Law Admissions Lowdown

Top Law Coach advice for aspiring lawyers, published by U.S. News & World Report

Independence Day this year will feel uncharacteristically subdued, with public gatherings nixed and political tensions rising. Even those unable to enjoy a barbecue and fireworks with friends and family may still find themselves embroiled in one of America’s oldest pastimes – political debate. Political passions have deep roots in the U.S., and many dreams of graduating law school are rooted in fiercely held beliefs about the rights, obligations and spirit of American citizenship. Law school applicants shouldn’t feel the need to hide the political or religious beliefs, affiliations and activities that mean so much to them.

If you wouldn't pay to stay in an expensive resort for a week without browsing the website to make sure it fits your style and interests, why would you pay much more money to spend three years at a law school without thoroughly exploring its sales pitch?
Law school websites are a gold mine of information for applicants. Of course, nobody ever called mining gold easy. It takes a lot of digging, sifting and careful appraisal.

A key legal skill is the ability to rapidly assess the credibility of information sources. From emotional witness testimony to sly legal articles, good lawyers know not to trust any source without investigation, verification, and consideration of competing perspectives. Likewise, as a law school applicant, you should be highly wary of what you read on anonymous internet forums, message boards or social media.

American law schools, once stern strongholds of the old guard, now actively seek diversity. Admissions officers are adamant that they’re not looking for applicants to check boxes or fill quotas, but rather to present their identity and life experience holistically, from multiple angles. Diversity can include race, ethnicity, sexual and gender identity, military service, socioeconomic status, faith and beliefs, disability status, immigrant upbringing or conditions of hardship. With so many considerations, who counts as underrepresented?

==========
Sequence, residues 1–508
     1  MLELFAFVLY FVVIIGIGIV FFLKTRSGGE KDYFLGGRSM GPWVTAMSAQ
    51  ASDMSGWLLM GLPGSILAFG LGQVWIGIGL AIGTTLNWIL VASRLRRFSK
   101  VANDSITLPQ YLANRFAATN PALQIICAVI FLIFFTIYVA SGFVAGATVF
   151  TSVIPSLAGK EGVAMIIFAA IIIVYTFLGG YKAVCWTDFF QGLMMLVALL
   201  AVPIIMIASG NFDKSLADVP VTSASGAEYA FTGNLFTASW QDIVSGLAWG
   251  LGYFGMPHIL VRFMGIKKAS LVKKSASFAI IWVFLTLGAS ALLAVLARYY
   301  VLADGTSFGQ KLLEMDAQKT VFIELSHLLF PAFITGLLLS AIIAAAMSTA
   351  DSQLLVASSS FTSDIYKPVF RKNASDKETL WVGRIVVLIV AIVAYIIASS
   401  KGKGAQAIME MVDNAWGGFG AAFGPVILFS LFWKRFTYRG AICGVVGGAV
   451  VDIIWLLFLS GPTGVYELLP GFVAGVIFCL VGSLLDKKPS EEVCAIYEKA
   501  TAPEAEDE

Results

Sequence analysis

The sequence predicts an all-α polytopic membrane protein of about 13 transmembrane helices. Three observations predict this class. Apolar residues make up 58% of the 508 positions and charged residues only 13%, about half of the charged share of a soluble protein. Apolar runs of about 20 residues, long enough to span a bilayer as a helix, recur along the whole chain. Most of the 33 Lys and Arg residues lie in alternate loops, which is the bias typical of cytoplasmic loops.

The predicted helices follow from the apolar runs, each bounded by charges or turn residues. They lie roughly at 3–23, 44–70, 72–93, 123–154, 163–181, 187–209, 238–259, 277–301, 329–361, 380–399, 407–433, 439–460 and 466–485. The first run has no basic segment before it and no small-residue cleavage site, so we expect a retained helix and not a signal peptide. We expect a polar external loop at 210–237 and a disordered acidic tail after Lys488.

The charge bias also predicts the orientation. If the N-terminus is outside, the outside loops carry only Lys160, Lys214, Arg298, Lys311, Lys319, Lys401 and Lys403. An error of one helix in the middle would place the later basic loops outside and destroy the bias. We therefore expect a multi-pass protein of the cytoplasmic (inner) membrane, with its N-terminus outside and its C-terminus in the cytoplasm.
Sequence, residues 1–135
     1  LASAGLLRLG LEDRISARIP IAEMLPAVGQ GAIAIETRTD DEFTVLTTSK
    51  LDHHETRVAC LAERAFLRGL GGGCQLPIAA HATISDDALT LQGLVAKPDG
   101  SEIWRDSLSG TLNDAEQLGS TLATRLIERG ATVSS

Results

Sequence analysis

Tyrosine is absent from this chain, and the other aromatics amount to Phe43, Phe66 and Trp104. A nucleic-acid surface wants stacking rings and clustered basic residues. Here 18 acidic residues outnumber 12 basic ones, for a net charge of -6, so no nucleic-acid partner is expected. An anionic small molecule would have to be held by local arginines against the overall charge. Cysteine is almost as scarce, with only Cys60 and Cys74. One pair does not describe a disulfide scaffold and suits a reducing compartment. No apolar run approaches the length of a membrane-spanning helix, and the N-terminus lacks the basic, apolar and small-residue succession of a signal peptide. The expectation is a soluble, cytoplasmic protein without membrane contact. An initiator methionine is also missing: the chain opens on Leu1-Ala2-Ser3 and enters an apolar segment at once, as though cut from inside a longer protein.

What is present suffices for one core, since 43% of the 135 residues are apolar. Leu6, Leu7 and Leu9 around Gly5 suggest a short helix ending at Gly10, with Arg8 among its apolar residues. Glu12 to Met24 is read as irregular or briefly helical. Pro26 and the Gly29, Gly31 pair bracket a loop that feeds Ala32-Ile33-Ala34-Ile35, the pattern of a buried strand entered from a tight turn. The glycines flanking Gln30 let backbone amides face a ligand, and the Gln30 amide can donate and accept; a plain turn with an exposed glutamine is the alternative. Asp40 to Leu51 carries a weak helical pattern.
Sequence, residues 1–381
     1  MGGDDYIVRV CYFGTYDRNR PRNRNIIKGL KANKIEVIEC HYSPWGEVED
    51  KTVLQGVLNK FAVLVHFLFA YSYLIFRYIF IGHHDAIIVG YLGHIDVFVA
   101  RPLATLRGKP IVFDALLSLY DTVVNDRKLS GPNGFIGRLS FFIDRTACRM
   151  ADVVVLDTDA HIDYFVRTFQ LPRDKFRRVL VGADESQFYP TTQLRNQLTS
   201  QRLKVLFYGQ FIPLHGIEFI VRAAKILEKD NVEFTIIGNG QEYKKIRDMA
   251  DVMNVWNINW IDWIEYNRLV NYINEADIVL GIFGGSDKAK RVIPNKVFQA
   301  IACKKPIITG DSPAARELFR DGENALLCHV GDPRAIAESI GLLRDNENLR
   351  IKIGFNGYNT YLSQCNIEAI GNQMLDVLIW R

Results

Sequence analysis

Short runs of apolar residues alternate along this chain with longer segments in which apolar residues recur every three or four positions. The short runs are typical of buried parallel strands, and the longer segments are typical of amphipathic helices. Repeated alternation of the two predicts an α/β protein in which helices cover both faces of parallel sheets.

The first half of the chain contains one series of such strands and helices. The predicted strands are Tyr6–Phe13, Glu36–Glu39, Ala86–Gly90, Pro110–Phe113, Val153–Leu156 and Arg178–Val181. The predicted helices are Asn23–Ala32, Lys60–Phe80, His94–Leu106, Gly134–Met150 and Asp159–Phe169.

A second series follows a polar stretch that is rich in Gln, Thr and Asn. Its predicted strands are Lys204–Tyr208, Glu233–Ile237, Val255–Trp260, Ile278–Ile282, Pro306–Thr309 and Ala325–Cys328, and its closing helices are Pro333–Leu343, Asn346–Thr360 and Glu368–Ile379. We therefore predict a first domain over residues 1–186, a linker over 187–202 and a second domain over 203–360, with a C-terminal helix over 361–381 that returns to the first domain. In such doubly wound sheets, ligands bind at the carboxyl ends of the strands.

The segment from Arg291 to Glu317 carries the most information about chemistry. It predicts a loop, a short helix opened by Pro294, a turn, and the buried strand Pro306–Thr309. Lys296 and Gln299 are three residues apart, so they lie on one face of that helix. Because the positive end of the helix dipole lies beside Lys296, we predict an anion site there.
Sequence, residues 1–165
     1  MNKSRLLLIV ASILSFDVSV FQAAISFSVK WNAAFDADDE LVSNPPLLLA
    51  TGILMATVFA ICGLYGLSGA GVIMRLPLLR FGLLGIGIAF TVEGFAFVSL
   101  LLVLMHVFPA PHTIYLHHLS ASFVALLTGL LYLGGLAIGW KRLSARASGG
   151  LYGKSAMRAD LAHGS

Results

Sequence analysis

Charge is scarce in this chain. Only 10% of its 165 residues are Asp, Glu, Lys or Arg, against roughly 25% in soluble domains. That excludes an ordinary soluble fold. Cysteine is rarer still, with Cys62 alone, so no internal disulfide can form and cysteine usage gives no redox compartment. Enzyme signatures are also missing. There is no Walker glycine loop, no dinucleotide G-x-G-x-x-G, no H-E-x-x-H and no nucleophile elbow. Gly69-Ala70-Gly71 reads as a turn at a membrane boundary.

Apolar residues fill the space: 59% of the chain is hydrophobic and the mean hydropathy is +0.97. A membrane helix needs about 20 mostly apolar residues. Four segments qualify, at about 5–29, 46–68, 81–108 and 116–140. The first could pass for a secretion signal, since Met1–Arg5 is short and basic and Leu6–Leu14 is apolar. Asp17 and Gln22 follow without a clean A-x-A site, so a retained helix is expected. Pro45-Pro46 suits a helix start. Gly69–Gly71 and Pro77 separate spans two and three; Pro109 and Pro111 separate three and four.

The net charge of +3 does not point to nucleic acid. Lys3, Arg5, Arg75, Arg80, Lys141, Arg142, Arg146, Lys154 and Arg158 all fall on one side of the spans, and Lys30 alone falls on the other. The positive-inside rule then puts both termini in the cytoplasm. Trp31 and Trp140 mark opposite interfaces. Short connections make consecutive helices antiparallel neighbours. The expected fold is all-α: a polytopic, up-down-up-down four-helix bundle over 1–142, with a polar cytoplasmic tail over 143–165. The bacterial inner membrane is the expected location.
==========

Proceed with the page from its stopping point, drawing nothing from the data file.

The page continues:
Congratulations! You got into law school, you made your deposit and you lit a beautiful Memorial Day bonfire of your LSAT prep books. Now what?
It’s hard for anyone to imagine experiencing the first semester of law school, but this year is particularly hazy. Universities are waiting as long as possible to decide whether to reopen campuses despite the risks of the coronavirus pandemic, with contingency plans for remote classes.
This uncertainty is troubling because the first year of law school is as important as it is intimidating. One thing that eases this gauntlet is the camaraderie of a close-knit campus and the study groups, activities and chance encounters that germinate lifelong friendships, romances, shared interests and enmities. Fortunately, lawyers are problem-solvers at heart, undaunted by unknowns and unclear precedents.

Hi, I'm a college student planning to take the LSAT next summer and I want to get started and prep a year in advance for it. What should I do? – I.G.

Law school applicants should allot at least four months for LSAT prep, but with more time you can lower your stress levels and build some slack into your schedule for times when life gets in the way and you have to shift focus to other priorities. Long-term LSAT prep will be more of a marathon than a sprint, so you want to build the habits and conditions that keep you on track. Ideally, you should approach the LSAT systematically, with a five-stage study plan…

Despite decades of slow progress, women lawyers, lawyers with disabilities and lawyers from racial, ethnic and sexual minorities are persistently underrepresented in the legal field, as shown by annual surveys by organizations like the American Bar Association and National Association for Law Placement. Increasingly, however, law schools, law firms and nonprofits are actively addressing the challenges of minority applicants. Some law schools and organizations have created special fellowships and programs to meet the needs of such applicants.

Last summer, after decades of carefully filling in bubbles on answer sheets, LSAT test-takers in the United States and Canada traded in pen and paper for stylus and tablet. The digital LSAT brought some complaints and growing pains but enabled faster scoring, more frequent test dates and easier accommodations for those with sensory impairments or other special needs. This summer brings a more abrupt change due to the coronavirus pandemic has affected legal education.